The Black Astronaut Research Project: A Portal to a New Future
The Denver-based Rick Griffith is PRINT’s first Artist-in-Residence. Check back every Wednesday throughout the month as we spotlight various projects by the graphic designer and master letterpress printer. And to read or listen to the first installment of his new PRINT column, “Processing (,.,.,.,.,.,.,),” click here.
Rick Griffith and Stephen Brackett of the activist band Flobots had just finished appearing on an art education forum panel together, and over lunch, they wondered: “What can we do to escape the narrative associated with the North Atlantic slave trade—a narrative that has hurt everyone in the world with racial inequality and lack of equity?”
As he pondered the all-encompassing gravitational pull of the subject, Griffith had a rather cosmic idea.
“The natural place for that conversation to go is actually into science fiction and futures, because the science fiction futures don’t use slavery as an index—and we do in our day-to-day conversations,” he says.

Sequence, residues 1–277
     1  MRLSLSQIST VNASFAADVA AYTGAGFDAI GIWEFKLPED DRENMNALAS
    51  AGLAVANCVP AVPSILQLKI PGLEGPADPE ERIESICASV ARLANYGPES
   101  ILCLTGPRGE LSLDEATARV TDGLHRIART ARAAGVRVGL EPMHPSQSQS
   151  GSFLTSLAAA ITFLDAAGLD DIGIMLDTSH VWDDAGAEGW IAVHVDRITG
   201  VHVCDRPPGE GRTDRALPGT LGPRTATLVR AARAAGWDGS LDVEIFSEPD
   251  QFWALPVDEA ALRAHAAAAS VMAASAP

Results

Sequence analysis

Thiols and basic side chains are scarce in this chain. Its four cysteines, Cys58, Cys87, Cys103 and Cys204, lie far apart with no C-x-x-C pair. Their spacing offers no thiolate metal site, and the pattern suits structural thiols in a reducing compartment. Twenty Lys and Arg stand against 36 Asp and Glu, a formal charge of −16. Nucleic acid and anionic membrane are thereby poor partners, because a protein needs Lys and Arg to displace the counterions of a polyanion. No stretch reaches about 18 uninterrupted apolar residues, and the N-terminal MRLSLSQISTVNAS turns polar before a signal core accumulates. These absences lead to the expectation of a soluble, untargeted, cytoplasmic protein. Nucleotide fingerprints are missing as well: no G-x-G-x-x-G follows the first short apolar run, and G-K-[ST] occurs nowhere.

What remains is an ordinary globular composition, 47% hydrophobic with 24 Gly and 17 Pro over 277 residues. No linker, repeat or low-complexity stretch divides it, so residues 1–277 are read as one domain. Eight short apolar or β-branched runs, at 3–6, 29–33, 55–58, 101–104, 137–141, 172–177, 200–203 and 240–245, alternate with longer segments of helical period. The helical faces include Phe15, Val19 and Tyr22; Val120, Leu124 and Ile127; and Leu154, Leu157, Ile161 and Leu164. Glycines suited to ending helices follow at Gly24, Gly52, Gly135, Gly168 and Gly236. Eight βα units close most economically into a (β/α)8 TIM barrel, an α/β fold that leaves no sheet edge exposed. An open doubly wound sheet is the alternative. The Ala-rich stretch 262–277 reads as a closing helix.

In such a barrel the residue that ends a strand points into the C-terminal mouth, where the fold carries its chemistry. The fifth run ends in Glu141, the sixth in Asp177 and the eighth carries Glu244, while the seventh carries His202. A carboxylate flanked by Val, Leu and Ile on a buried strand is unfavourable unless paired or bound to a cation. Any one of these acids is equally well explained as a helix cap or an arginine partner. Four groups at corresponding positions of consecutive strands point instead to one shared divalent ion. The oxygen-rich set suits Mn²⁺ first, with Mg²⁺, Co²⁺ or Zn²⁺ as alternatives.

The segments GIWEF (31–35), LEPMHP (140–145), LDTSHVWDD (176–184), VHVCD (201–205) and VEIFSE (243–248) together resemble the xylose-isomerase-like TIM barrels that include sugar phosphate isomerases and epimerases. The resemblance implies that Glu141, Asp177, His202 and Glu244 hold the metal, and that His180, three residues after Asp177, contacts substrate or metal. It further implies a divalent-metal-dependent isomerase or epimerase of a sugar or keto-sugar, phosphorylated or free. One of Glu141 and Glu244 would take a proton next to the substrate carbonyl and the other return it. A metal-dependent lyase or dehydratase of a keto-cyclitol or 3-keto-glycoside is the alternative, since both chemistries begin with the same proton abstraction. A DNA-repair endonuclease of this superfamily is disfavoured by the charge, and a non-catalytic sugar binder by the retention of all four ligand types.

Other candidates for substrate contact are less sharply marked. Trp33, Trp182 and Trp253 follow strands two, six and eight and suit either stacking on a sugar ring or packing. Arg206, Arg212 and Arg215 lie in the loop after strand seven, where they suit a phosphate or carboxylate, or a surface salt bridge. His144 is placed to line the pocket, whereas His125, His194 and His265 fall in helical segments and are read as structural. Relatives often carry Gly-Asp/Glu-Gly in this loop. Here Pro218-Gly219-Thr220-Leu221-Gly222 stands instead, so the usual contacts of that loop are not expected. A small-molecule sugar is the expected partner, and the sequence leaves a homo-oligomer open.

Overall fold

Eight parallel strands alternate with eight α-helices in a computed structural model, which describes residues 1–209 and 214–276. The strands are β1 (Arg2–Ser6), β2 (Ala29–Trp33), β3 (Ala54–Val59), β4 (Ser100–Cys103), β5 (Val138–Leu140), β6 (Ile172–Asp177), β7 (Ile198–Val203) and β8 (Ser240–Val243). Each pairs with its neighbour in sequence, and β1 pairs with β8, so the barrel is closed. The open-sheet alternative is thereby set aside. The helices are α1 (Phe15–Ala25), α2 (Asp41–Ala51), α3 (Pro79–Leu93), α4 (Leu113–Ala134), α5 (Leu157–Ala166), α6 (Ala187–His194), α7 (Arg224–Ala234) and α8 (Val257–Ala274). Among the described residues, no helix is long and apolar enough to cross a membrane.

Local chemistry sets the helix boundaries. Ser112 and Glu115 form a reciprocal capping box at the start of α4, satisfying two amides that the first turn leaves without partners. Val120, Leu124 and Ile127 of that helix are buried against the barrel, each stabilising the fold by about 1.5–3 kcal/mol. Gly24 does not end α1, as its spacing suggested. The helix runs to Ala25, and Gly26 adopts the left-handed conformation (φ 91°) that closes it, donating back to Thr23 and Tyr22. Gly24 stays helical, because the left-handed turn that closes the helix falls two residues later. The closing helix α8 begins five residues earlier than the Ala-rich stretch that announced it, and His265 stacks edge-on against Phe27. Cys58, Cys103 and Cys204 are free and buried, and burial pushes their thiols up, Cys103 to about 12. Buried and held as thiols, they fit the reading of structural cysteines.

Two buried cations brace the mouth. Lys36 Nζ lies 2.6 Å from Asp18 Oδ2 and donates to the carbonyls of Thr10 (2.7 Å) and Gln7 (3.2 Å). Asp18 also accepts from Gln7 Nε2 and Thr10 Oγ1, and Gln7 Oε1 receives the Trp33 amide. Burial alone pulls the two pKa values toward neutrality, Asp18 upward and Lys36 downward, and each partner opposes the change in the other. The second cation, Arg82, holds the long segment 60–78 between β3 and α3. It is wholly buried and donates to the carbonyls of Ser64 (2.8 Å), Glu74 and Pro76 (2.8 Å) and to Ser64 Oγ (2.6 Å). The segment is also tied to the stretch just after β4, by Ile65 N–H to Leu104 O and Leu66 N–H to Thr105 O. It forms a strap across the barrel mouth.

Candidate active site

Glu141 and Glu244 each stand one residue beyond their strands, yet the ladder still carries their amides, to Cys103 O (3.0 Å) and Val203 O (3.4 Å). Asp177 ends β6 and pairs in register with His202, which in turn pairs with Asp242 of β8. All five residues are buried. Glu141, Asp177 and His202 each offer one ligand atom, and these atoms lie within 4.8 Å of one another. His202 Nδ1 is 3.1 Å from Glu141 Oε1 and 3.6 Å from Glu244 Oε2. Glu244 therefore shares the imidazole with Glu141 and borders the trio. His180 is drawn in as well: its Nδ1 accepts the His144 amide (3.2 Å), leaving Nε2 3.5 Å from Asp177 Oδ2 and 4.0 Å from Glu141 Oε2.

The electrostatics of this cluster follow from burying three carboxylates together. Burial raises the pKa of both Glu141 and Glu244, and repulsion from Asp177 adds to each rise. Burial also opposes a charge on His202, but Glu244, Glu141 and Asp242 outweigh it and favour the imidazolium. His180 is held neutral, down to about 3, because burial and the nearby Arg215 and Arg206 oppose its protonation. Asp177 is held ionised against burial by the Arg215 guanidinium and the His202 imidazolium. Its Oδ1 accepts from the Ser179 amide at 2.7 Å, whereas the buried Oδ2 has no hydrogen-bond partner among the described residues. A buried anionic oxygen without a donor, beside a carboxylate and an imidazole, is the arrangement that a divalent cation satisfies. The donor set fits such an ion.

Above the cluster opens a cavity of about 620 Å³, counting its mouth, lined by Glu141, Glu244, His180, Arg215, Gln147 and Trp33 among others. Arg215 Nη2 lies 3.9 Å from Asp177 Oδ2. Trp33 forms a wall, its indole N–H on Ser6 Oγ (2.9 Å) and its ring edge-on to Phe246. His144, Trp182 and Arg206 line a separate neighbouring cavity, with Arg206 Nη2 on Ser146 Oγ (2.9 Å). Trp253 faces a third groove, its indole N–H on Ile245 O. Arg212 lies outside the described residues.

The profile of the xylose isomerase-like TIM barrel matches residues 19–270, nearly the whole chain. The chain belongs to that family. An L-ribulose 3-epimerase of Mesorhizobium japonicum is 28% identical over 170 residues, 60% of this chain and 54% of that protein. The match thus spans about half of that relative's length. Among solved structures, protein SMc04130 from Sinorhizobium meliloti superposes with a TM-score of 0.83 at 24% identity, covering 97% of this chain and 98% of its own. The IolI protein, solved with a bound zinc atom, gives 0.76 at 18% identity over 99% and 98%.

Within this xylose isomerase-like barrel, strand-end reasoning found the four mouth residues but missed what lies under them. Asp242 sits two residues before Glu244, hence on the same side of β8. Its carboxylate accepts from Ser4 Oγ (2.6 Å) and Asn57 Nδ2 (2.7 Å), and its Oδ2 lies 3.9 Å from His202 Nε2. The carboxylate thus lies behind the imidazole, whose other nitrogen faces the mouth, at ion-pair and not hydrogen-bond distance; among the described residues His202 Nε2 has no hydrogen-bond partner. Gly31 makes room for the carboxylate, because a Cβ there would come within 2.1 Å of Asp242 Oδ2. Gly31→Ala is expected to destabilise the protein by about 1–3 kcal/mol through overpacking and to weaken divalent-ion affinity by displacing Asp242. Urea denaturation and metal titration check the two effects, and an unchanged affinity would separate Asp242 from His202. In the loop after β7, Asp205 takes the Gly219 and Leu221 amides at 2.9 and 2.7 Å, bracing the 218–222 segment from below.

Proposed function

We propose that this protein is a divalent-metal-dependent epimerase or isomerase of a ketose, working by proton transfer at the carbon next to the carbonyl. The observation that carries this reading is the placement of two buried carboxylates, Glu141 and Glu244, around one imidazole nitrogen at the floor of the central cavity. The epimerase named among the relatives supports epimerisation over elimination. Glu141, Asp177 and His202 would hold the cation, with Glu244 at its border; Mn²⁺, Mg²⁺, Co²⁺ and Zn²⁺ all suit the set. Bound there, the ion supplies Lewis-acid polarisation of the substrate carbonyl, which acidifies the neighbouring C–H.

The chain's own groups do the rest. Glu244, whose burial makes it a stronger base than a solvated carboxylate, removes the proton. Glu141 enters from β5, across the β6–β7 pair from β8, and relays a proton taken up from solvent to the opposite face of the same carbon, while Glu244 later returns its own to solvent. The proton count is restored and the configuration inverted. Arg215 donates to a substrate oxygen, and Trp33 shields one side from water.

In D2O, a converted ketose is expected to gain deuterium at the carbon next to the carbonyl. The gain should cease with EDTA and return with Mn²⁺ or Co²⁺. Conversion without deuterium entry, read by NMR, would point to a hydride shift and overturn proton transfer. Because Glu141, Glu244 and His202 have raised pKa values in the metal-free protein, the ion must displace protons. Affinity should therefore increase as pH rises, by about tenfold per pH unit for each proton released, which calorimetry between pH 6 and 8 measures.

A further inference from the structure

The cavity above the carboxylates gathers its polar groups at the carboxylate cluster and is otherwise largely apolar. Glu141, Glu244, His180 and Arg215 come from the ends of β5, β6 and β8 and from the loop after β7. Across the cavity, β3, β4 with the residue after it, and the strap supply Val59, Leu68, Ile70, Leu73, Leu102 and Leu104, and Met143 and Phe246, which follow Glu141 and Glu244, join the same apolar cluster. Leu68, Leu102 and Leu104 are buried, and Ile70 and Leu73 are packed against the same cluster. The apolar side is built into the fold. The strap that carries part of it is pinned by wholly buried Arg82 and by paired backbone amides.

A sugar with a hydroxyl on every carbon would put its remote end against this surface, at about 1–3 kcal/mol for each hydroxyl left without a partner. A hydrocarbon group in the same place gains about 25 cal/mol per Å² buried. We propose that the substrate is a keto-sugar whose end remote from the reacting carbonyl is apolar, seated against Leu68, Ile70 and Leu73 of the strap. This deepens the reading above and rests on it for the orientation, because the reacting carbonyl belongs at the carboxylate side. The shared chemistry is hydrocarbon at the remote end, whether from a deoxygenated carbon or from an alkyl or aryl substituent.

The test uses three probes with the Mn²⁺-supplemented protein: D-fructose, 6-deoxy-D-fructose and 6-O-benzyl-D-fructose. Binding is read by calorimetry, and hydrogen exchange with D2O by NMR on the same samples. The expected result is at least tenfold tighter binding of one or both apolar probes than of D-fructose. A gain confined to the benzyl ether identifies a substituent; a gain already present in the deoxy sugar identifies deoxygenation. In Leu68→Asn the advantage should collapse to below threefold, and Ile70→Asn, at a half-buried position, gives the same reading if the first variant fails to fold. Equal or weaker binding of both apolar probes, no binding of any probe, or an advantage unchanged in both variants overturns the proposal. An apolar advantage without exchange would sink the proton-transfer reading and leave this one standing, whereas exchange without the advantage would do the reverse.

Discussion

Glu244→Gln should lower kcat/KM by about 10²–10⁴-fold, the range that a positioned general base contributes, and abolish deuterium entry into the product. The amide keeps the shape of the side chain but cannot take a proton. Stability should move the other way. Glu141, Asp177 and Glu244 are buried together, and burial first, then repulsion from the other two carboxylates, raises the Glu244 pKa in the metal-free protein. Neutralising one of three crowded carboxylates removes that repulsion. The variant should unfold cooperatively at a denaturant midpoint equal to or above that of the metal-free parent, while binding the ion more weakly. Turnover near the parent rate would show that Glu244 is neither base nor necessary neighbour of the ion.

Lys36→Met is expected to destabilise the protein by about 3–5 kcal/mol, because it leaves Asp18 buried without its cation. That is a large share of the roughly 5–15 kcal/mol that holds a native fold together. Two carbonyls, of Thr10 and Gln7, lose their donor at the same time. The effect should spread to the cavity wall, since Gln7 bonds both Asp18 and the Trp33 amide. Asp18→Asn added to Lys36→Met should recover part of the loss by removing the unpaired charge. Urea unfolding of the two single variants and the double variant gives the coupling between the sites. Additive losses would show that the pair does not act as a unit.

The essential elements of a new narrative focused on a post-racial world?
“A, love, and B, space travel,” Griffith says. “Because in space travel, no one gives a shit if you’re Black. They do care if you’re a Klingon and they do care if you’re a Vulcan, because we have all sorts of interspecies stereotypical conversations these days, but being Black isn’t part of that. It’s so delightful to find a place where the stress is lifted from that label.”
Griffith began researching Black astronauts … and soon enough, he was developing BL.A.R.P.—the Black Astronaut Research Project—a database and educational tool filled with both real astronauts and fictional characters, the sum toll of which “shows people that it’s already been done—and all we have to do is catch up with it.”
Explore the inspiring wave of the future here—and to pick up a print of Griffith’s letterpress work around the project, click the image to head to the Matter shop.